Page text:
GradesK to 12
In the ClassroomCreate quick motivational or introductory quotes to share on your interactive whiteboard for when students enter the class or to use for a journal prompt. Use Apagraph to create attention-grabbing images to include with your Twitter posts. Share this site with students to use with slide show and multimedia presentations. Ask students to include their graphic images when using a presentation tool like Sway, reviewed here, to highlight different portions of their work.
GradesK to 12
In the ClassroomUnhangout offers many opportunities for classroom use and professional use. Use this site to introduce a topic, for example, the Civil War. After your initial introduction and discussion, enhance learning and ask students to choose a breakout session based on their interest - perhaps causes of the Civil War, battles, Civil War leaders, and cities. Within these sessions, have students share ideas on the focus of their learning and discuss how to divide up research and sharing of information. After the session, as students conduct their research, have them share resources using a collaborative Wakelet, reviewed here, stretching everyone's learning. Wakelet is a free bookmarking tool for sharing videos, documents, online resources, and more in an easy to view format. As students gather information, modify learning and use Timeline JS, reviewed here. Timeline JS offers the option to upload and add photos, videos, audio, Tweets, and Google Maps. After sharing group projects, challenge students to redefine their learning and share with their peers in a multimedia presentation using one of the many TeachersFirst Edge tools, reviewed here. Some tool suggestions are (click on the tool name to access the review): Adobe Spark For K-12, Plotagon, and My Simpleshow.
Grades7 to 12
In the ClassroomUse this site to connect to other classes to open up a discussion between your students in one convenient place. Safety is not a concern with this site since only those with an email invitation/link or the QR code can participate in a chat. (Your students need not have email. You can simply email the link to yourself and share it with students to enter into their browsers.) Teach good digital citizenship of chat etiquette while using this activity to learn. Connect with other classes to learn about other locations, learn various perspectives, find animals that are similar yet different, learn about the different books others are reading, or survey students on various economic, political, or environmental topics. Be sure to plan content ahead of time, so students have the opportunity to think through the material and formulate a response. Discuss appropriate ways to communicate with others before connecting with another classroom.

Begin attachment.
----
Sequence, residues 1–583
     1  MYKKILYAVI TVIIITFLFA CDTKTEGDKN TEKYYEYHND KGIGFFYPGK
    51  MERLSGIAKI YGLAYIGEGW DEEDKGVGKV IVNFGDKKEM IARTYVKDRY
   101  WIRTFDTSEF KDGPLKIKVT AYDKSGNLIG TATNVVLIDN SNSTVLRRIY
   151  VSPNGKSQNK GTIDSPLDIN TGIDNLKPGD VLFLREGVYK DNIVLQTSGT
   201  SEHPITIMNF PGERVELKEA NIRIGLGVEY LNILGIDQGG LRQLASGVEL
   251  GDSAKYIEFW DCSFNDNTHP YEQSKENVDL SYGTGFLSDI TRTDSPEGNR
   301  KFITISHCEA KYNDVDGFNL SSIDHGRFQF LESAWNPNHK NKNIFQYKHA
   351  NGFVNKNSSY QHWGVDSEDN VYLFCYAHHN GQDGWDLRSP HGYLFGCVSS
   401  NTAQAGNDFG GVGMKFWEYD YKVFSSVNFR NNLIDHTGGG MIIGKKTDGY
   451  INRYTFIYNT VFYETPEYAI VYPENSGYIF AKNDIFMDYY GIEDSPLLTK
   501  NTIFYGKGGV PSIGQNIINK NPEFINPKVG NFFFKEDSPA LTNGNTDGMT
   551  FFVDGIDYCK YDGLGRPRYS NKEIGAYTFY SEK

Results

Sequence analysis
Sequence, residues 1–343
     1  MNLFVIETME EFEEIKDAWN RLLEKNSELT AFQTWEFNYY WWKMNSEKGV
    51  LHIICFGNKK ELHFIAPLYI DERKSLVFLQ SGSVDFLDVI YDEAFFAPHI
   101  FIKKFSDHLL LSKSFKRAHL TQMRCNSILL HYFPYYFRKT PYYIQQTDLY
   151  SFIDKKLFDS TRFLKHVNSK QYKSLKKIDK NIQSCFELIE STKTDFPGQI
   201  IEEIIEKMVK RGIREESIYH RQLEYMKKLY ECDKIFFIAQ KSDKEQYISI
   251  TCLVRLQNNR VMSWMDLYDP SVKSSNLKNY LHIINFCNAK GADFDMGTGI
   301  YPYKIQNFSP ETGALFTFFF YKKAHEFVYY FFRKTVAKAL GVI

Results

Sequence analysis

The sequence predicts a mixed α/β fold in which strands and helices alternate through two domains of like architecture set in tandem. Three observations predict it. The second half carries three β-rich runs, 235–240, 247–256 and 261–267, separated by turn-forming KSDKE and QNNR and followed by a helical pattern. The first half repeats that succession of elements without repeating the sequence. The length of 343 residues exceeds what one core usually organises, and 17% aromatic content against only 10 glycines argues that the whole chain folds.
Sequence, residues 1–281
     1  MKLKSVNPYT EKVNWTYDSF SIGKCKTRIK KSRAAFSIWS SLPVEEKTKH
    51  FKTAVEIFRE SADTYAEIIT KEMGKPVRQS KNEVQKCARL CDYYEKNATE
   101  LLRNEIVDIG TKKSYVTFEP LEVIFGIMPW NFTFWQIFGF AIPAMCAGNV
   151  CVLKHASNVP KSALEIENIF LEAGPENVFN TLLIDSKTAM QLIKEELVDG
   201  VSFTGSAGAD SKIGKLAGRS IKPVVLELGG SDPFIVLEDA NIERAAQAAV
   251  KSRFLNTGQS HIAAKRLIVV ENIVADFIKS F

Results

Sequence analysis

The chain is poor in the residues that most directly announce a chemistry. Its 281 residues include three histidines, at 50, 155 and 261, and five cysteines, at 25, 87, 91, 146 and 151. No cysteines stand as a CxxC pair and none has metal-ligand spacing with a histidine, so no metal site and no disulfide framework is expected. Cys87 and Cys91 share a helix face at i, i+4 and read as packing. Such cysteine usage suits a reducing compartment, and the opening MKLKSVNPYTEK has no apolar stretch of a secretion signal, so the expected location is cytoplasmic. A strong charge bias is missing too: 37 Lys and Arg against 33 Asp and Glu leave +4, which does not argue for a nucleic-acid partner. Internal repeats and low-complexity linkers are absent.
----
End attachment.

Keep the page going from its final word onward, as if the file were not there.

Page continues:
Use backchannel chat on laptops during a video or student presentation. Pose questions for all to answer/discuss in the backchannel, or ask students to pose their own "I wonder if..." questions as they watch and listen. Keep every student engaged and THINKING as an active listener. The first time you use backchannel, you will want to establish some etiquette and accountability rules. The advantage of backchannel chat is that every student has a voice, no matter how shy. Use this in world language classes, ESL/ELL classes, or autistic support classes for backchannel chat. Challenge students to use their new language skills to describe a scene from a video or the feelings of the actors. When studying literature, collaborate with another class to have students role-play a chat between two characters. In a history class, create fictional conversations between soldiers on two sides of the Civil War or different sides of the Scopes Monkey trial.
Grades6 to 12
In the ClassroomIntroduce this site to your students on an interactive whiteboard or with a projector and explore one or two of the games together. Create a short story together to learn about how to use the different story-writing options. As students begin creating games using this site, consider having students create explainer videos to modify their learning using My Simpleshow, reviewed here, and to demonstrate tools that need a more detailed explanation than what is on the site. Have students create stories to show what they have learned about literature, geography, history, science concepts, and more. As a more "serious" approach, use Choice of Games to present opinion pieces where you take a position and allow readers to click on questions about it. They could also click on statements expressing opposing views so you can write counterarguments to their points. This idea could end up being a powerful way to present an argument and evidence as required by Common Core writing standards. Redefine student learning by having them include their text-based game as part of a collaborative multi-media presentation created using Sway, reviewed here. In addition to their game, ask students to include their written documents, images, and video creations.